Sustainable Cities and Society, Volume 74, November 2021,
The concept of “Smart City” has been proposed by governments, the business community, advocacy groups, and research institutions as a means to solve common urban problems and improve the quality of life for citizens. Although a Smart City has the potential to change our cities for the better, it also may unintentionally reinforce existing inequalities. In particular, without appropriate strategies that support inclusion, persons with disabilities and seniors may experience social and digital exclusion in communities. This study explored current progress toward building an “Inclusive Smart City (ISC)” through the 2015 U.S. DOT Smart City Challenge. It examined the range and frequency of inclusive strategies that were proposed by cities in their applications and the differences between successful and unsuccessful proposals. After reviewing and analyzing documentation from both rounds, we conclude: (1) insufficient attention was given to these underrepresented population groups in the proposals; (2) more ISC strategies are needed to address these groups’ needs and guarantee their rights; (3) government policies to support ISCs are needed to insure that the implementation of Smart City ideas addresses the needs of these groups; and, (4) universal design practices could be used to address the needs of many underrepresented populations.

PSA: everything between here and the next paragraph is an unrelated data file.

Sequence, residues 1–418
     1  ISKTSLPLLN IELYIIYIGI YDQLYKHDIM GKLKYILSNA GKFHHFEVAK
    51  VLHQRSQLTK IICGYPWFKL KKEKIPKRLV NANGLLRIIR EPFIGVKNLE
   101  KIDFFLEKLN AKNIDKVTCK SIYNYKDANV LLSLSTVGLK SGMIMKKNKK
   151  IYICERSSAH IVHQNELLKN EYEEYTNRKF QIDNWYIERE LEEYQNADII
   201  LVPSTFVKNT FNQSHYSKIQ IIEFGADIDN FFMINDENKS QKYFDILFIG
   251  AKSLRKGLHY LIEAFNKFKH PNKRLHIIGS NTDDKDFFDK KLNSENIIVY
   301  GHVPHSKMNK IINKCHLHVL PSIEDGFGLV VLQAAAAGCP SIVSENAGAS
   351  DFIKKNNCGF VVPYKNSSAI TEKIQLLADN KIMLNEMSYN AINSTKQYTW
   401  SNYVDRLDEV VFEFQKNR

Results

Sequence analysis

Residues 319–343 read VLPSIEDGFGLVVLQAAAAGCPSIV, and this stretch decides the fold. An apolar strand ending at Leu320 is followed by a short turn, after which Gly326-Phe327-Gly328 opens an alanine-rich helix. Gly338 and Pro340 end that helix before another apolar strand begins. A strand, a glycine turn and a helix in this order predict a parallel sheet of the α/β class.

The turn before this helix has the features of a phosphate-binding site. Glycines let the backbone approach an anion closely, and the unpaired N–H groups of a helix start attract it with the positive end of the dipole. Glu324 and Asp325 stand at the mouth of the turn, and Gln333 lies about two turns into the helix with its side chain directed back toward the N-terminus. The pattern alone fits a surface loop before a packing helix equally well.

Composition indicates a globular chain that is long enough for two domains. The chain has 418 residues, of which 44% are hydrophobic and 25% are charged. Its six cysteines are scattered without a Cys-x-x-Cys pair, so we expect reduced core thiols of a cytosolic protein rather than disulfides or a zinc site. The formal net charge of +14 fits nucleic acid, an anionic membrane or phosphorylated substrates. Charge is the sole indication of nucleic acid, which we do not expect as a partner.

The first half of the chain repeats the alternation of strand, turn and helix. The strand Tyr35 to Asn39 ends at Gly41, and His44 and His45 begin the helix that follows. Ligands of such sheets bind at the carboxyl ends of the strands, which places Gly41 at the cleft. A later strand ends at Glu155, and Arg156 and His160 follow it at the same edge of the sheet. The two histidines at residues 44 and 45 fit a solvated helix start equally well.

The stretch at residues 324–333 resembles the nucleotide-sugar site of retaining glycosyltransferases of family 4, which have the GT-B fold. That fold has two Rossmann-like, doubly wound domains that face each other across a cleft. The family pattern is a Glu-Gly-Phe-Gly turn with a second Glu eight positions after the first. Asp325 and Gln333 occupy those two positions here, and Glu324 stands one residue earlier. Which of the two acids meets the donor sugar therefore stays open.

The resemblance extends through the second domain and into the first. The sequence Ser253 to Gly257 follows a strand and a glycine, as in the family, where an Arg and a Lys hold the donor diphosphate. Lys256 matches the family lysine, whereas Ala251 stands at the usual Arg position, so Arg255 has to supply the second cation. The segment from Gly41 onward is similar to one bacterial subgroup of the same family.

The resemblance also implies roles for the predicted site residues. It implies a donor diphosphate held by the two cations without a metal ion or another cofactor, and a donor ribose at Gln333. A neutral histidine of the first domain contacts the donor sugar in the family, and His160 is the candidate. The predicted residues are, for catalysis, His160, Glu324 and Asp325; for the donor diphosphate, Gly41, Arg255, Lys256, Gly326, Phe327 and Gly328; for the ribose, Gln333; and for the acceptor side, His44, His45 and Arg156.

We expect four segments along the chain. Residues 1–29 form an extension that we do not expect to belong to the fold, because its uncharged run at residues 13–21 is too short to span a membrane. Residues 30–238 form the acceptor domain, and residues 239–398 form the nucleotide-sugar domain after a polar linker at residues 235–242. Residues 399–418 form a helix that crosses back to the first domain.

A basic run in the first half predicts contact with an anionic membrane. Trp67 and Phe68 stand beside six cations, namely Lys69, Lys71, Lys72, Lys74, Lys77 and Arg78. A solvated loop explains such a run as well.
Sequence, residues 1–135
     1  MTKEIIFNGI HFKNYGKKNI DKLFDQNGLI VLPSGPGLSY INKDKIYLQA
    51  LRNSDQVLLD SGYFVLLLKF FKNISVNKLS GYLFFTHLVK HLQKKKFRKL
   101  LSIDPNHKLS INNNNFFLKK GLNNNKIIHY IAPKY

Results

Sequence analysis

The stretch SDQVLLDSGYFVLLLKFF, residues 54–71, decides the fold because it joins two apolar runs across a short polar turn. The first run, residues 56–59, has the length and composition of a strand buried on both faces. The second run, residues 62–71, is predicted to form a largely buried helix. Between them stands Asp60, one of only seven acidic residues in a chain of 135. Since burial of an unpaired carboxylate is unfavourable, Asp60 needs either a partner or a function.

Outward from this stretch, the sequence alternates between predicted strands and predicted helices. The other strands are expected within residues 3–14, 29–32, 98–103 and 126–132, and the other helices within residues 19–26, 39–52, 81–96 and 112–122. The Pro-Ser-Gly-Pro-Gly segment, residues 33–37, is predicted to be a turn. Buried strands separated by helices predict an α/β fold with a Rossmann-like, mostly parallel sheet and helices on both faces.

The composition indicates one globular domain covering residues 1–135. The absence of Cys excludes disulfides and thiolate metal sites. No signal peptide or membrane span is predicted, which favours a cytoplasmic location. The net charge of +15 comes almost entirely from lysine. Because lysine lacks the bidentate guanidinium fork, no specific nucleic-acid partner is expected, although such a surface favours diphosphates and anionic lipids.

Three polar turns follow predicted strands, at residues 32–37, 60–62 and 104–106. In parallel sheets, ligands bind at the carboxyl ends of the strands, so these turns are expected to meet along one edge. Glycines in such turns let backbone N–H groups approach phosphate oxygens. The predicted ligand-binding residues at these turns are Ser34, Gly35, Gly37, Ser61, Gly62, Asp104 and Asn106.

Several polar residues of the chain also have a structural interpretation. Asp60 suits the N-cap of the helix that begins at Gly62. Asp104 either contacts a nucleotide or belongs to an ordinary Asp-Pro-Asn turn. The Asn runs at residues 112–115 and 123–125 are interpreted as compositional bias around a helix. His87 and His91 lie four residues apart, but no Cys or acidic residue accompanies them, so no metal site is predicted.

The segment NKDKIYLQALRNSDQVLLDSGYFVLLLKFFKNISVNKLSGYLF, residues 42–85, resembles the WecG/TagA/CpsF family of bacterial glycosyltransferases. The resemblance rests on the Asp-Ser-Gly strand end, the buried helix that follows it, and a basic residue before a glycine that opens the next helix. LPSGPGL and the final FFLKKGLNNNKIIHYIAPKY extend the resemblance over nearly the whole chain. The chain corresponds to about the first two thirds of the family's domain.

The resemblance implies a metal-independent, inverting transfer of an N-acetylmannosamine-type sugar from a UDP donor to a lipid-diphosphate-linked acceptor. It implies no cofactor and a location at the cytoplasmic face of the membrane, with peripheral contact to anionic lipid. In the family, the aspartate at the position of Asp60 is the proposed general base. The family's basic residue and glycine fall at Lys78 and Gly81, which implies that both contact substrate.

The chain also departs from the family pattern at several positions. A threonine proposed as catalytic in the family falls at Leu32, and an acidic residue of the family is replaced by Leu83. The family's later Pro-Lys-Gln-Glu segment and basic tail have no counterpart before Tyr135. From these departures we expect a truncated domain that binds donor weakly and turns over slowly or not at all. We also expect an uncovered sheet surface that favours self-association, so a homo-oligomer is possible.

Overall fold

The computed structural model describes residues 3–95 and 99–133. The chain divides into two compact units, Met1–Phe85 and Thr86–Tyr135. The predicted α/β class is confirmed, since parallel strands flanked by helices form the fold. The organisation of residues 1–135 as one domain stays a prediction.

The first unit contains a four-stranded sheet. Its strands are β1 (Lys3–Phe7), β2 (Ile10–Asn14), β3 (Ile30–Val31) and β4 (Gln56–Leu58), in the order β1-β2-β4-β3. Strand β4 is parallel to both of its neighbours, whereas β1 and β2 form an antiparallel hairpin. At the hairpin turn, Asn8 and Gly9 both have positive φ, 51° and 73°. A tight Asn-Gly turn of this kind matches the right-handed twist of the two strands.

Advocacy Groups; Business Community; Evaluating Proposals; Inclusive Smart City; Inclusive Smart City (ISC); Persons With Disabilities; Research Institutions; Smart City; U.S. Department Of Transportation; US Department Of Transportation; Under-represented Groups; Underrepresented Groups; Urban Problems; Global